The last CAP search I wanted to share is a much shorter story... at least I am going to make it much shorter ;-). My dad woke me up at 5:30am on a Saturday. I don't remember the month, but it was towards the end of winter, because it was very cold and very wind this day. The day before, a Beechcraft Baron was going into my home airport, Hot Springs, AR (KHOT), and the pilot was going to fly a GPS approach to runway from the southwest's IAF of the TAA GPS approach. There was another aircraft inbound to HOT, so the Barron was just being extremely polite when he let them go first. It was a hard IFR kind of night, but the Barron pilot planned on holding over the IAF. The problem was just a momentary lapse in situational awareness by the pilot. I don't remember the exact details... I will search for the accident report after posting this, and when I find it I will append it to this post.... From my memory, after letting the other pilot proceed in for an approach he began the hold, but didn't reset the autopilot's altitude preselect for the minimum altitude at the IAF, he had it set for the intermediate segment of the approach. As a result, during the inbound leg of his holding pattern they descending into terrain.

We tried to get airborn to aid in the search of the Barron, but the ceilings were too low and Jonesboro FSS told us that even the TAF's were not promising all day. We assembled our ground team and went to aid Hot Spring County Sheriff and rescuers with the search. We got there around 8am, and the Sheriff put us to work right away. They sent us to the area where they felt was a high probability for the location of the accident site. They had a team in there earlier, but they couldn't get more than a few miles into the woods before they had to stop due to terrain - Very hilly, they didn't have any stamina for the job. We split into two teams and began the search through the woods. I was with my Dad and the other team went with a senior member from the Little Rock CAP Squadron. We found the crash site about 6 miles in, on the top of a hill - what we call a "mountain" in Arkansas. Actually, Dad smelled it before we ever got close enough to see smoke... Unfortunately, when I say Dad smelled it I mean that because of his time in the Air Force he was very aware of what burnt flesh smells like. You could smell that "odor" well, and it wasn't until we were closer that you could smell the avgas. The people in the plane all looked so peaceful. It really sounds strange, but aside from the fire, they didn't look dead at all. The two on board were not completely burned. The passenger in the right front seat still had his hands crossed in her lap. The pilot just had his head slumped down, but sitting upright in the seat. Probably, the rain aided in keeping the fire somewhat at bay.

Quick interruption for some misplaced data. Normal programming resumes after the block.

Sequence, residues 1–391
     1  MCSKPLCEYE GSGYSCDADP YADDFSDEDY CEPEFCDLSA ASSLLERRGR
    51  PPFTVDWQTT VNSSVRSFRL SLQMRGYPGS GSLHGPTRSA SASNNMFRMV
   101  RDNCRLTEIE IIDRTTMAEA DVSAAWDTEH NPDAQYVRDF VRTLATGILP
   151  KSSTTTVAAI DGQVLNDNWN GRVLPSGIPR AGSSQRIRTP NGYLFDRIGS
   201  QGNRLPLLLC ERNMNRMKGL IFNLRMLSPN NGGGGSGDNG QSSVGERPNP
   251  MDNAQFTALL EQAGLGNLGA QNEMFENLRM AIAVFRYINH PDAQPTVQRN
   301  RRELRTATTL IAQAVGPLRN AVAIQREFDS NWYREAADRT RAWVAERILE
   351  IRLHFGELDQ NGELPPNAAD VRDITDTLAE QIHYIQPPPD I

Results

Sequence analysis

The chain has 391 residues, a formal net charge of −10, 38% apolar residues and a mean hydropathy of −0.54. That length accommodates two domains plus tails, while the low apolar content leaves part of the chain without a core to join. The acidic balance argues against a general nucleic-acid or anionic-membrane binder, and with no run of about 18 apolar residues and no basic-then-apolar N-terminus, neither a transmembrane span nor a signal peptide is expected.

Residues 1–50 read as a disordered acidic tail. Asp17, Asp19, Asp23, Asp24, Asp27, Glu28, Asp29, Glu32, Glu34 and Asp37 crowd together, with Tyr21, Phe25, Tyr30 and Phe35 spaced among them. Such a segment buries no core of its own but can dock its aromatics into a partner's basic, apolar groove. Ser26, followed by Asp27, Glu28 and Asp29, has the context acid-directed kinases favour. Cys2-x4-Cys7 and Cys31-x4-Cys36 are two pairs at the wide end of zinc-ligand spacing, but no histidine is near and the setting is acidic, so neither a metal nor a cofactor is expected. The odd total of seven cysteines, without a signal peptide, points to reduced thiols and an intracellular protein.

After we were relieved by the Sheriff's department, we went back on ATVs with other search personnel to mission base. When we got there, the family members of the victims were arriving. They hadn't been informed of the news yet, and you could tell by the look on their face that they were all very scared but praying about the safe return of their loved ones. Dad was very good at avoiding the questions they started asking us (we were in military uniforms, people tend to go straight to you in situations like these). A crisis manager from the State Police's office quickly came over to talk to the family members, and took them inside the trailer the Sheriff's office had brought. Thanks to radio's, everyone already knew we located the accident site. But, let me tell you... I heard a scream from that trailer that I never want to hear again. The wife of the pilot was the one who was screaming... she had to be carried back to the car after they had told everyone of the news. Then, I'm not sure if it was because she was still in disbelief or if she was just so distraught that she couldn't think straight... She asked one of the police officers if she could go to the crash site so she could get his wedding ring.

So, if you have ever read any of my other posts elsewhere where I talk about not remaining with the CAP as a senior member, this is part of the reason why. The other is because of all of the bureaucracy and politics involved.

EDIT: Here is a link to the NTSB report of the above: http://www.ntsb.gov/ntsb/brief2.asp?ev_id=20001204X00053&ntsbno=FTW99FA074&akey=1


P.S. Tomorrow or Sunday I am planning on another blog entry about my latest experiences while flying the SAAB and I hope to be able to make a big announcement then also.


  1. Hello, Bob. I have a Google Alert to send me web postings containing Sulphur Springs, Texas,my hometown, and that's how I found your blog. Just curious, besides Dammit Bobby Airlines, are you free to tell me the corporate name? My son is a captain for Expressjet and I see the Continental aircraft picture at the top of your blog. By the way, being fairly familiar with flying terminology, I cannot decipher what "IMC conditions" are which you mentioned in your post today. -- Best Reagards, Phil

  2. IMC is a fairly common term which means Instrument Meteorological Conditions. It is in the Pilot Controller Glossary. Here is the entry:

    INSTRUMENT METEOROLOGICAL CONDITIONS- Meteorological conditions expressed in terms of visibility, distance from cloud, and ceiling less than the minima specified for visual meteorological conditions.

    DBA is just a term of endearment for me. It isn't a business or corporation. I actually fly for a Regional airline based out of Memphis. I am based in Houston, and loving every minute of it.

    Is your son going to be forced to move to Chicago?

  3. He hasn't said a word about moving to Chicago. He, too, works out of Houston, the hub for Expressjet. He spent his time in the NJ hub and hated every minute of it, but you do what you have to do.

    So, IMC is synonymous with IFR?

    And I didn't state my question clearly: I was just curious if you are at liberty to mention the airline you work for.

    Looking forward to more blog posts.


  4. Great stories, Bob - thanks for sharing!